One thing that I learned about reverse engineering is that you can often get very far by just recognizing/guessing what formats and libraries were used by original authors. The article seems to at least partialy confirm this view.

On vocational school we could elect to do long term project instead of practical graduation exam. In my case this involved reverse engineering management protovol used by Merlin Legend PBX in order to port its DOS-based configuration utility (which was in fact emulator of MLX-20L operator phone) to something more modern (and multi-user). One of first things we did was running the binary through strings and ndisasm (I probably still have the hackedup tool to convert MZ EXE to pseudo-COM that could then be read by ndisasm, which was motivated by fact that for various reasons we could not use IDA). What we found out was that it used some weird Unix on DOS emulation layer from AT&T which included Unix-style ncurses and terminal emulation layer.

We tried both to analyze the binary and sniff the communication. At first we thought that disassembling the code would be faster as we had only limited access to the PBX itself and were somehow afraid of bricking the thing. Oneday I just gave up and spent few hours hacking up a way to actually look at the UART data (there were two issues with that: the PBX was somewhat picky about accepted RS232 levels and then slight logistical issue of having preferrably a laptop with two serial ports in early 00's). After we had this ugly mess of wires with four DE9 connectors and active RS232 buffer (powered from adjustable bench supply, needless to say that our advisor was not too thrilled that we decided to connect this thing between somewhat irreplacable PC and still considerably expensive PBX) we found out quite quickly that the actual configuration protocol consisted of XModem for backup/restore, straight ANSI terminal emulation for initial session establishment (and in theory for weird "use PBX as outgoing modem" feature), essentially binary block oriented terminal protocol (think contents of PC text mode framebuffer with one attribute byte for not every character, but block of 8, always sent as whole line) wrapped in weird HDLC subset for the actual interactive configuration and weird handshake reminiscent of OBDII serial protocol to switch between these modes (which probably took the majority of time to reverse engineer).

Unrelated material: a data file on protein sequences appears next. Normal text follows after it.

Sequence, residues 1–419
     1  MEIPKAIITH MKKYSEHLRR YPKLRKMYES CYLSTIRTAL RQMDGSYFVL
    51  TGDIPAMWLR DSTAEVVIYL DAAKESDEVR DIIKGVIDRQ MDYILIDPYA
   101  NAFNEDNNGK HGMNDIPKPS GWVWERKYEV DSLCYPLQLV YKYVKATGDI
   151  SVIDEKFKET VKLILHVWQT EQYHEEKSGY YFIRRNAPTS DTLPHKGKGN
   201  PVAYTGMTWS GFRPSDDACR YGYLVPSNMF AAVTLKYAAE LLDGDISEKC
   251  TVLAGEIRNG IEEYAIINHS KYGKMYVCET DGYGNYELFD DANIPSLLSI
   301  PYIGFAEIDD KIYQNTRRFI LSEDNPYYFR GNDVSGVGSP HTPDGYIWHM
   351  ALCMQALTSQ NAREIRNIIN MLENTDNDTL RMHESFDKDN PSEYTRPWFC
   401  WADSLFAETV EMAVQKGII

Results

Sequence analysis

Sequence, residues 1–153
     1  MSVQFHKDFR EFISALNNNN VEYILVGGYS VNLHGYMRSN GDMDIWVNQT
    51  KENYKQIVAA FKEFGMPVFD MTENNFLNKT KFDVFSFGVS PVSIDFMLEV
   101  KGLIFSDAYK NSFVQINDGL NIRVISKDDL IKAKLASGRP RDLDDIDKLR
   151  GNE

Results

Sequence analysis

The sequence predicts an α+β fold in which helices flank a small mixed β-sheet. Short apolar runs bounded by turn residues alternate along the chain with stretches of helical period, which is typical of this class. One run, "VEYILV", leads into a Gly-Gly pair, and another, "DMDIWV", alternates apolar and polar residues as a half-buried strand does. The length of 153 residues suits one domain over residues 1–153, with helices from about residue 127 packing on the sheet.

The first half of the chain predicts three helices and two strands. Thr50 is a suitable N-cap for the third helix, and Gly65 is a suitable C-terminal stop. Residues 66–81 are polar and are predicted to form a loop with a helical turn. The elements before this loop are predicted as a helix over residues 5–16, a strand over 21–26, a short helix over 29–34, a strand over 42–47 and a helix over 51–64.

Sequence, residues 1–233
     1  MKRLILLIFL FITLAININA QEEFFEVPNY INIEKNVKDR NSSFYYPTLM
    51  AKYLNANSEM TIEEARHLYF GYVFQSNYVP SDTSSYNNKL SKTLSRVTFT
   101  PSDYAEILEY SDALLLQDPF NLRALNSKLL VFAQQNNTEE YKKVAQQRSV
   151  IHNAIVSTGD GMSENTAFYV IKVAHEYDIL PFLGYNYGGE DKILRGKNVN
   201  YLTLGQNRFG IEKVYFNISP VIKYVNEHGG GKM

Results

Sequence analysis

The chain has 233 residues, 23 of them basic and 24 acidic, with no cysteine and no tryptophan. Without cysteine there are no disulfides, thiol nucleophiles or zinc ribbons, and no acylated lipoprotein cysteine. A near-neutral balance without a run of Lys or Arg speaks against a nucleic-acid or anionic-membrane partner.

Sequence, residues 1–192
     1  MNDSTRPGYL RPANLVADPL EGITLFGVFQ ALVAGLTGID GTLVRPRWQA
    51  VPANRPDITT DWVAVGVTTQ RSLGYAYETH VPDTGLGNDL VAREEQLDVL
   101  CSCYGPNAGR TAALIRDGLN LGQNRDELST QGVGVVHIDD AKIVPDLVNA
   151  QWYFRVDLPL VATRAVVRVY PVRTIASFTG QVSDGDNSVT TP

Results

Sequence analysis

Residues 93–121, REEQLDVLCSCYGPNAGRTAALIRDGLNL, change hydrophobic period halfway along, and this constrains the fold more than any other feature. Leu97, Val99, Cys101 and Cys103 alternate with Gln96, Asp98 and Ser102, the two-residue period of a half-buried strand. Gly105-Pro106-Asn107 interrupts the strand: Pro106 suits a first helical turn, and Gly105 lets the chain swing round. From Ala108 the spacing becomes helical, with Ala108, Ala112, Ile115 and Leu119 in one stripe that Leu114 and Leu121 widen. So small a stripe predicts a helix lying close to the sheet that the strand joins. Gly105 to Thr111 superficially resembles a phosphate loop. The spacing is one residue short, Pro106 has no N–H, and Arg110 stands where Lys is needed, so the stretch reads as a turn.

Interesting aside is that the above mentioned binary block protocol was also used for the UI of almost-ISDN phones that went with the PBX in question. We had access to ISDN protocol analyzer which worked perfectly for normal call flows, but reliably crashed (and not with any kind of meaningful error message, it just overwrote half of its display with random pixels, started ignoring its keypad or otherwise started behaving weirdly in somewhat random manner) any time we did anything more complex. Somehow I think that finding signal that reliably crashes firmware on test equipment which is explicitly designed to debug problems on such interface is achievement in itself :)

Very neat, and impressive skills from the author! I wish I could do that myself... I started learning C so there is hope.

I was expecting to find the debug mode key combo here in comments, but seems like 8h is not enough time.

Amazing writeup, well done!

Love this!



Indeed, "spouse" would be a better fit here.

Also if you wrote it as "... and not get killed by your husband," it would take on an entirely different connotation.

A little of topic but the reference as a huge list at the bottom is forgivable for print media, but for interactive media, there is no reason for such inefficient method that requires one to click on the reference only to find yourself skimming through a list trying to remember what the number was and once you have found it, great, now you have to find your way back to where you were reading!

Wikipedia's recent reference links are a great of example of how to do reference right.

In Safari on iOS you can use the back button of the browser to jump back to where you were on the page before you clicked the link to the reference. You should see if the browser you are using does that as well.

This also works in pretty much every other browser I know of.

Absolutely :) Named anchors in a page have been around for a long time and I recall that going back from a page internal link would bring you to the place in the page that you were for as long as I can remember.

Would be interesting to know which browser was the first to keep track of scroll position for history entries.

Mosaic was before my time but I wouldn’t be completely surprised to learn that even it would store scroll position.